Grounds for Divorce
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Grounds for Divorce
Grounds for divorce
If you want a divorce you must show that your marriage has irretrievably broken down. To confidentially discuss your grounds for divorce simply contact us on 0800 840 4929. You can also consider processing your divorce online using our new fixed priced divorce calculator.
To divorce in the United Kingdom, it is necessary to establish one or more of the following facts:
In practical terms, this means:
Adultery is when you or your spouse has had voluntary sexual intercourse with a person of the opposite sex.
It is not possible to start divorce proceedings based upon your own adultery.
Because of the nature of adultery, it can sometimes be difficult to prove. If your spouse is willing to admit to it there will be no difficulty. If there is actual evidence (the most obvious being the birth of a child) this can also be relied upon.
In general, unless the adultery has been admitted or can be proved it is sometimes better to base your divorce proceedings on unreasonable behaviour (which is explained in more detail below), with your spouse’s relationship with another person being included in the divorce papers as an example of their unreasonable behaviour.
If you have lived with your spouse for more than 6 months after you discovered that they committed adultery, you cannot use it as the basis of the divorce. If, however, the adultery is continuing then the 6 month period only starts to run from the date of your discovery of the last act of adultery.
Whether your spouse has behaved in such a way that you cannot reasonably be expected to live with them is a mixture between a subjective and objective test.
The test (which has been set out in case law) is whether a right thinking person would come to the conclusion that your spouse has behaved in such a way that you cannot reasonably be expected to live with him or her taking into account the whole of the circumstances and the characters and personalities of you both.
Because of this objective/subjective mix the range of behaviour which can be cited is very wide. Obvious examples would include domestic violence but it can be as far from this as not paying you enough attention or failing to support you in your hobbies/ career etc.
The examples of unreasonable behaviour need to be strong enough to ensure that a Judge will agree that they warrant a divorce. The difficulty, however, is that these allegations can sometimes give rise to conflict and start your divorce with an unnecessary level of acrimony. The skill of your divorce solicitor is to strike a balance between the two.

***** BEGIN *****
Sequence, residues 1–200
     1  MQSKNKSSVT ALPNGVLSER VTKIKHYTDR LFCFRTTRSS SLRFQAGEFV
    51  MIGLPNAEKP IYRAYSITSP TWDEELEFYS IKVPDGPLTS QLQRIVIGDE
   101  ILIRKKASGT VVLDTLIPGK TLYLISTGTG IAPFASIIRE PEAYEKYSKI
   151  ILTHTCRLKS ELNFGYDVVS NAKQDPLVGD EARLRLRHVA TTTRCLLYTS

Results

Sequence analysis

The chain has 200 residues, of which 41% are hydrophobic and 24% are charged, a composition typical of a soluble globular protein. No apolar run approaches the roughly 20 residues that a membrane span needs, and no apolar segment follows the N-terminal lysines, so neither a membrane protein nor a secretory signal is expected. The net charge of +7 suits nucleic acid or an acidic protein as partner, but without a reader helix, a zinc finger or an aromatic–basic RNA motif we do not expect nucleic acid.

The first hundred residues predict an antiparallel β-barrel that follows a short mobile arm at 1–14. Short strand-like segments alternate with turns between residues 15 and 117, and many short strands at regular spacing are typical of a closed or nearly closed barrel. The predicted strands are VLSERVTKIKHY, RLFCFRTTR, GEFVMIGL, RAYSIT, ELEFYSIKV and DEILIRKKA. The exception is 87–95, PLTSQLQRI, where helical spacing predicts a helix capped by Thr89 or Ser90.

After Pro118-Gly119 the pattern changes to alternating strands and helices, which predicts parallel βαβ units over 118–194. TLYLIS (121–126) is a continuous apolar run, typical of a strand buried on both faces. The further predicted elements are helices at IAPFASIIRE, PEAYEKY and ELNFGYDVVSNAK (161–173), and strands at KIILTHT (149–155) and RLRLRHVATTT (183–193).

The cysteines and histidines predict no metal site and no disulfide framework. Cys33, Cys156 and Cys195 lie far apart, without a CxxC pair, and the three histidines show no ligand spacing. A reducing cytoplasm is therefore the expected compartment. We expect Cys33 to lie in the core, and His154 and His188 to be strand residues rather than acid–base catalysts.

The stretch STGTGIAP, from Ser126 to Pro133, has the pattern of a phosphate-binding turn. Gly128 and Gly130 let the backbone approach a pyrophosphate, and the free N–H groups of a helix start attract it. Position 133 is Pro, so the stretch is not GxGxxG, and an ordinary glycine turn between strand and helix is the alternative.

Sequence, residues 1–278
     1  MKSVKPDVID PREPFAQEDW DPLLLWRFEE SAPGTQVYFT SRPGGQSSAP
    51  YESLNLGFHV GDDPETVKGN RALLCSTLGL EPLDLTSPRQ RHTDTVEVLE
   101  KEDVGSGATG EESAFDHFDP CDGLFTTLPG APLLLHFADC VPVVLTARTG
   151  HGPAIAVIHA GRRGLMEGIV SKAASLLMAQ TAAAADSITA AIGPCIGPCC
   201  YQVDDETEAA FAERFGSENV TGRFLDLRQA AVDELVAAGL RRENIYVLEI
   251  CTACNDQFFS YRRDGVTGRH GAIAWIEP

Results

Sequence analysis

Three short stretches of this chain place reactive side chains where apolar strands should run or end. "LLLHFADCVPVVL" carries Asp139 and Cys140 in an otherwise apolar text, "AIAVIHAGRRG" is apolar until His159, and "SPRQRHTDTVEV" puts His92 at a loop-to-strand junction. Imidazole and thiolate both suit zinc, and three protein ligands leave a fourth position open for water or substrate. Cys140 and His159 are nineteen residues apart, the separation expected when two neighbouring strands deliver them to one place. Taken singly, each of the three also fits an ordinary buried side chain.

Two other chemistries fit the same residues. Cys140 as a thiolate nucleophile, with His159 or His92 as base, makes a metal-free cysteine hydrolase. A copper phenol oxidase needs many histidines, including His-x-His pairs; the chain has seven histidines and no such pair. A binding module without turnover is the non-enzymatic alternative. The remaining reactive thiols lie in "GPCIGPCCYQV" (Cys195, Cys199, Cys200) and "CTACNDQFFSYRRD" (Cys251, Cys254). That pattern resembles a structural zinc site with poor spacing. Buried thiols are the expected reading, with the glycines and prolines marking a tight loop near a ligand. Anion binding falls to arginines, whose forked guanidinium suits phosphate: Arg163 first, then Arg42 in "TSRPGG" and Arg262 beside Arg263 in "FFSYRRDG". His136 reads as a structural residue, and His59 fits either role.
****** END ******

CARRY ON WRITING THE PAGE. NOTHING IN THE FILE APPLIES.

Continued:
Two years' separation with consent and five years' separation
To base your divorce on one of these facts, it is necessary to live separate and apart for either two or five years. If you have lived separate and apart for two years and your spouse agrees to the divorce then you can use the first ground. If you have lived separate and apart for five years you do not need the consent/agreement of your spouse to divorce.
If you live in separate households it can be assumed that you live separate and apart. Even if you live in the same household it is still possible to live separate and apart as long as it can be considered that the normal relationship between you as husband and wife has ceased. For example, if you live in the same household but sleep in separate rooms, do not eat together, do not do household chores together etc you could still be considered to be living separate and apart.
It is very unusual to rely on desertion to obtain a divorce. In comparison with the other facts, it is relatively technical and it can therefore sometimes be easier and more certain to proceed another way.
To show that your spouse has deserted you it is necessary to show first that cohabitation has ceased. The cohabitation must have been brought to an end by your spouse against your consent and your husband or wife must not have any reasonable cause to have stopped cohabiting with you. Finally, this must have been the position for a continuous period of at least two years immediately before the preparation of your divorce papers.
In light of this it is often easier to progress your divorce on the basis of two years' separation with consent or, indeed, your spouse’s unreasonable behaviour.